John H. Reagan Historical Marker
Known as Gatlinburg's famous son, this former US senator made most of the nation's basic laws of interstate commerce. John H. Reagan was born in 1808 near his memorial plaque. He started working at 16 and got further education in Sevierville. In 1838 he moved to Texas and worked as a surveyor, lawyer, judge and state representative. He was a Postmaster General of the Confederacy Imprisonment and even had his picture on currency.
Originally named Mill Creek due to the numerous grist mills, Le Conte Creek flows around the Ober Gatlinburg and Pigeon River on the northwest side of the Parkway. In earlier years the grist mills were powered by it's water at the last 3.5 miles. Some say there were at least 25 mills along this river at one point in time.
Little Pigeon River
Named after the Passenger Pigeons that frequented this area. You can walk along this stream and see many animals native to this area, in the water and on land. James Bohannon is the first to have died by drowning in this river. He was carrying maple sugar across a log and fell in. His body was discovered some ways down stream.
Louis Vorhees Home
The area used to be the property of Louis Vorhees. He was an entrepreneur from Cincinnati. He purchased 100 acres and built a large and expensive home, two guest houses, gardens, and gradually expanded his farms to 300 acres. He donated his land and estate to the National Park Service. In 1950 the land officially became the Park's. The main house became the park office and the other buildings are for the staff. The other buildings and grounds are for the scientific research done by the park.
The jewel of the Smokies rising miles above Gatlinburg. Mt. Le Conte is 6,593 feet above sea level and is the highest peak in the East. You could view the three peaks of Mt. Le Conte from Gatlinburg or the Cumberland Plateau. There are hiking trails to it's summit. Pal Adams established a camping 1925 and in 1926 Jack Huff started building the Mt. Le Conte Lodge. It still stands there today and shelters many hikers as they go on day journeys on Mt. Le Conte.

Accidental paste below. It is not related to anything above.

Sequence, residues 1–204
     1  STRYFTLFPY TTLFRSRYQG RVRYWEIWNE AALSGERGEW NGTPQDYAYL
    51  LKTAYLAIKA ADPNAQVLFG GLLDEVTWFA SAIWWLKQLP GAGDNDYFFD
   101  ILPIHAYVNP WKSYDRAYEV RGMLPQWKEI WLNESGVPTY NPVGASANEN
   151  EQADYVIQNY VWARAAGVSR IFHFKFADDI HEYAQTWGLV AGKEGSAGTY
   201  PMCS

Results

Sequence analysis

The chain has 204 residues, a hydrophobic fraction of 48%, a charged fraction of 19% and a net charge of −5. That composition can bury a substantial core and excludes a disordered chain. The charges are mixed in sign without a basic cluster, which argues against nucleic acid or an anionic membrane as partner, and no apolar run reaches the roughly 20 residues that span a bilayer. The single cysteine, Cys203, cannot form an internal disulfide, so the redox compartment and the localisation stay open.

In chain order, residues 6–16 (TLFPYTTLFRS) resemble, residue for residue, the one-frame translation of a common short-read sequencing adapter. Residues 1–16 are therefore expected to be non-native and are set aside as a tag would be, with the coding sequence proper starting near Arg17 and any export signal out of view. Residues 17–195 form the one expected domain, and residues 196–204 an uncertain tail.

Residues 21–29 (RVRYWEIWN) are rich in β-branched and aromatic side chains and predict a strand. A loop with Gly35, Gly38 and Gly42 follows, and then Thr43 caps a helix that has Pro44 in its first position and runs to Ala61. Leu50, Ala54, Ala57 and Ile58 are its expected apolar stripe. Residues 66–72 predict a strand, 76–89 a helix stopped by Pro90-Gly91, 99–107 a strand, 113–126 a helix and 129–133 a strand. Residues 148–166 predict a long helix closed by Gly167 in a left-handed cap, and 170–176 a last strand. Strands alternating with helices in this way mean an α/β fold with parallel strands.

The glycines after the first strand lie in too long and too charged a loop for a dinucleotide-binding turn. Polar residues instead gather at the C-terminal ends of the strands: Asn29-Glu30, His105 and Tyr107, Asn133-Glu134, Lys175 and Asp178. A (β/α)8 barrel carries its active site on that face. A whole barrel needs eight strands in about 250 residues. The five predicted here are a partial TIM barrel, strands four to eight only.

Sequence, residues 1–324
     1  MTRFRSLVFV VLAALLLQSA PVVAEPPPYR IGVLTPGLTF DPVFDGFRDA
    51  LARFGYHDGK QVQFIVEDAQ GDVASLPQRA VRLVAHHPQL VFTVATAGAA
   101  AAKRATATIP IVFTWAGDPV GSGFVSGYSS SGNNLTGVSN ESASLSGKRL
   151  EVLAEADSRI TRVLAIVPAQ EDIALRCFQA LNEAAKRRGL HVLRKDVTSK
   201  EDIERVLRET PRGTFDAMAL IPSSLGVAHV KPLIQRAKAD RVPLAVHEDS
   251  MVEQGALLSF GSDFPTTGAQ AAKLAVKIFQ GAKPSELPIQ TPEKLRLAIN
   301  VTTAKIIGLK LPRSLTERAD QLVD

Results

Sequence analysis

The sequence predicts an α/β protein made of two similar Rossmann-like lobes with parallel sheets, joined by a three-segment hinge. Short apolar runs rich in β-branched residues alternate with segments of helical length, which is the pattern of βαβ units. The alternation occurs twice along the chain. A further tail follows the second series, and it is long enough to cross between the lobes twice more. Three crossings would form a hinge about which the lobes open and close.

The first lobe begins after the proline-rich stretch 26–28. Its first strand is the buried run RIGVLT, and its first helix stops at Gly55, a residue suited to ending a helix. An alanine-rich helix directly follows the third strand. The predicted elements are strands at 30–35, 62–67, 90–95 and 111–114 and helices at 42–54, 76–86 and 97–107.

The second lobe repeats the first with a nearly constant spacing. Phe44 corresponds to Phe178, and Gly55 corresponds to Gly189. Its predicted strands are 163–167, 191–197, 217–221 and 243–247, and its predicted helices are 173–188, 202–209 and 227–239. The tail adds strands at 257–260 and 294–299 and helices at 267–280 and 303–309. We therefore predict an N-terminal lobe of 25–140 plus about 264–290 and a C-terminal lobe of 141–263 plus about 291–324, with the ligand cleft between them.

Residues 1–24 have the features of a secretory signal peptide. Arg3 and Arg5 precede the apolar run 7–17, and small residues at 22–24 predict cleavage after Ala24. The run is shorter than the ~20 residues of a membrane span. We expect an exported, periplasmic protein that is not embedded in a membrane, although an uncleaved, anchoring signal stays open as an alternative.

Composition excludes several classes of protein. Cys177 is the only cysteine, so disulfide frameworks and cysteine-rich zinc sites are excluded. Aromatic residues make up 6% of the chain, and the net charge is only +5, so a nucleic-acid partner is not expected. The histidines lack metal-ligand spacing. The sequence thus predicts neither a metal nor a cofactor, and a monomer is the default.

Ogle's Broom Shop
This cabin is around 135 years old. Lee Ogle built his home in 1935 and made the cabin his broom shop. Ogle grew up in eastern Tennessee and learned how to make brooms. He made the brooms from straw, seeds, leaves, and bark. Today the third generation of broom makers still use this cabin as their broom shop.
Known as Gatlinburg's first home. Williams Ogle built this cabin in 1802. He started building it with his own hands from logs around the area. He said this cabin was in the "Land of Paradise". He died in 1803 before the cabin was completed. His wife, their children and her brother and his family found this cabin by William's directions and finished it up and settled in. This cabin was later used as a hospital, museum, and church in it's later years.
Noah Ogle was the first merchant in Gatlinburg. He set up shop in a store near the Riverside Hotel. It was passed down in generations and housed a post office at one point in time. The family expanded and turned the store into a general store where you could find anything you could need. The store was torn down in the 1970's to make room for the Mountain Mall.
This was Gatlinburg's second hotel. It started off being a 20 room boarding house facing the Little Pigeon River. It is still in operation and is the longest operating hotel in Gatlinburg. You could stay there for $35 a month including meals when it first opened. It was soon extended to 40 bedrooms and faced the Parkway.
Father and son John and Everett Kircher came up with the idea of the Gatlinburg Skylift. It was conceived in 1950 for tourists who wanted to be carried to and from an observation point. A lease was acquired in 1953 and the Skylift was built. It goes from the Parkway to the top point in Crockett Mountain. A total of 518 feet above the city, you can get a great view of Gatlinburg. This was one of the first major sightseeing attractions in Gatlinburg.
This monument is to honor the Cherokee Indian Tsali (Solly). According to legend he gave up his life so that his tribe could remain in the Smokies. Eventually his tribe was moved westward along with other tribes to an area in Oklahoma. Many citizens have Cherokee ancestry and have a connection with the story of Tsali. The monument was built in 1939 by the school children in Knoxville on the 100th anniversary of his death.
Wiley Oakley Story
Wiley Oakley operated a popular store along the Parkway. He was one of the most celebrated people in Gatlinburg. He entertained tourists and locals with legends and stories and music. He was named the "Will Rogers of the Smokies" due to his comic stories. He was friends with John D. Rockefeller, Mr. and Mrs. Henry Ford and many other people of high status at that time. He had 12 children with his wife Rebecca Ann Ogle Oakley.